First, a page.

Upcoming Protests to Focus on Health, Environmental Impacts of 5G Satellites • Children’s Health Defense


17-03-21 04:11:00,

Demonstrations will be held Friday and Saturday, March 19 – 20, to protest the deployment of 5G — a technology that poses health risks, encourages debris-generating satellite collisions, causes depletion of the ozone layer by the huge number of launches planned and is a major factor in the weaponization of space.

The “5G SpaceX Satellite Protest” will take place March 19 at the headquarters of SpaceX in Hawthorne, California. SpaceX, of which Elon Musk is founder and CEO.

Details about the protest can be found here.

On March 20, a “5G Global Protest Day” will take place with protests planned around the world. Details can be found here.

SpaceX is deeply involved in launching the small satellites being placed in low-earth orbit for 5G. Last week, the company launched a rocket carrying another 60 satellites, and it plans to send up tens of thousands in the next few years under its Starlink program.

Last year, the Federal Communications Commission (FCC) granted SpaceX permission to erect up to one million antennas on earth to serve as transceivers linked to the satellites.

“The planet is calling out to us,” said Julie Levine, coordinator of 5G Free California. “If ever there was an existential crisis on earth, we are in it now. Please join us in taking action.”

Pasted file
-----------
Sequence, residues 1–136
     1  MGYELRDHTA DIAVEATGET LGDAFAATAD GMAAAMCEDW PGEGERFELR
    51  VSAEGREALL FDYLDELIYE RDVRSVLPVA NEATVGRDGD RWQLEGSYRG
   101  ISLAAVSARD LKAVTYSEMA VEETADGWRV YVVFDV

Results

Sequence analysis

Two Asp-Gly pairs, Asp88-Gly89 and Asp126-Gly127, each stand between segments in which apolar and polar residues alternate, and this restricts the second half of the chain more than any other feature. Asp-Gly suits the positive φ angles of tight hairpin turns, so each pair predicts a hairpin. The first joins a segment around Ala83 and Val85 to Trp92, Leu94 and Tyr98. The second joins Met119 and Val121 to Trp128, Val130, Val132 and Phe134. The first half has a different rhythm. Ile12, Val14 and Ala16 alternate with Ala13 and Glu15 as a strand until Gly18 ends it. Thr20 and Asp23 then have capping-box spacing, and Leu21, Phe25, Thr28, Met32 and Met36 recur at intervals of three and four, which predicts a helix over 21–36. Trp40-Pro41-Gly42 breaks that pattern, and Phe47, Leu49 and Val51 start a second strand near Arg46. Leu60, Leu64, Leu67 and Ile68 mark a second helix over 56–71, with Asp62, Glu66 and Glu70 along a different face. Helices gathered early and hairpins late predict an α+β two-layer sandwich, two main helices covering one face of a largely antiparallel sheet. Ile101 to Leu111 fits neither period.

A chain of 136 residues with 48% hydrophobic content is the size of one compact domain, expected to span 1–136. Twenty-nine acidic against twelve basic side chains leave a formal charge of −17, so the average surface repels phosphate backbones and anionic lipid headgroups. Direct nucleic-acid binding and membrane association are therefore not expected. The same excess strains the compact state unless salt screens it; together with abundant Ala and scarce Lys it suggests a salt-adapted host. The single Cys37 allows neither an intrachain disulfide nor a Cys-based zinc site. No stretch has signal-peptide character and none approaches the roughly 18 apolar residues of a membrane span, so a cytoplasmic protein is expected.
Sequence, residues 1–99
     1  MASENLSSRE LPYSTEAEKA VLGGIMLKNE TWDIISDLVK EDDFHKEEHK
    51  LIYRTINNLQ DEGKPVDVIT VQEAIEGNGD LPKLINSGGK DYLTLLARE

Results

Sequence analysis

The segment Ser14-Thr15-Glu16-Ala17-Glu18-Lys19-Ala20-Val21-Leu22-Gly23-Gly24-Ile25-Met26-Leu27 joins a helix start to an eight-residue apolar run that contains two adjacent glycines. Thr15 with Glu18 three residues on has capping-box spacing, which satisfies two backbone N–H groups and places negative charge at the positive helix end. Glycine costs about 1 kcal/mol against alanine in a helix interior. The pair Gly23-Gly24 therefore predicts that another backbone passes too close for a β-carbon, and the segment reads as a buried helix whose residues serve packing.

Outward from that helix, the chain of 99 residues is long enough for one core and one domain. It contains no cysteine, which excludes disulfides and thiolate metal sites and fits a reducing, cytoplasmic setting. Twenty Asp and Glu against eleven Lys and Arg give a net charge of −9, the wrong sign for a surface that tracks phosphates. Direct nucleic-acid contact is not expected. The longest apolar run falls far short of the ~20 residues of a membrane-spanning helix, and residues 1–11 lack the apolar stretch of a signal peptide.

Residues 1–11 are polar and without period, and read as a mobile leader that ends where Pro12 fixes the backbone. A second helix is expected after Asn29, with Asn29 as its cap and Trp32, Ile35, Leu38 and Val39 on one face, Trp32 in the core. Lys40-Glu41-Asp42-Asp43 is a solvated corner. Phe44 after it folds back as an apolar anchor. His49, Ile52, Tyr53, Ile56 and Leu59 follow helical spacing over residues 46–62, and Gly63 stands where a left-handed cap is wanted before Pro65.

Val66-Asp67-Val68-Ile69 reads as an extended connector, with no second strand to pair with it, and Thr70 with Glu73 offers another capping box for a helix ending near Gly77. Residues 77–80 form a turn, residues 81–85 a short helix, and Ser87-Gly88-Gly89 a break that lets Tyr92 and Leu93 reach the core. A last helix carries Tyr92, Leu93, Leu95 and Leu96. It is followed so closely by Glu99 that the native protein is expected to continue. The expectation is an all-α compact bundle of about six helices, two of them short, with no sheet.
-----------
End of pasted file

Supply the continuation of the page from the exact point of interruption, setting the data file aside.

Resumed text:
Telecommunications companies are advertising heavily to promote 5G, described as the fifth-generation of wireless, to consumers. And with the military component a large factor, there has also been a big push by the Pentagon.

Dafna Tachover, director of the Children’s Health Defense Stop 5G and Wireless Harms Project, said: “Science on the health risks of wireless radiation has been accumulating for decades. Heedless of the dangers, government and the telecom industry continue to propagate wireless technologies and infrastructure, helped along by captive regulatory agencies and successful effort, including legislative, to silence public debate about health effects.”

Tachover added: “At the same time, media campaigns and apps designed to addict the public — and especially children — have been effective in generating consumer enthusiasm.

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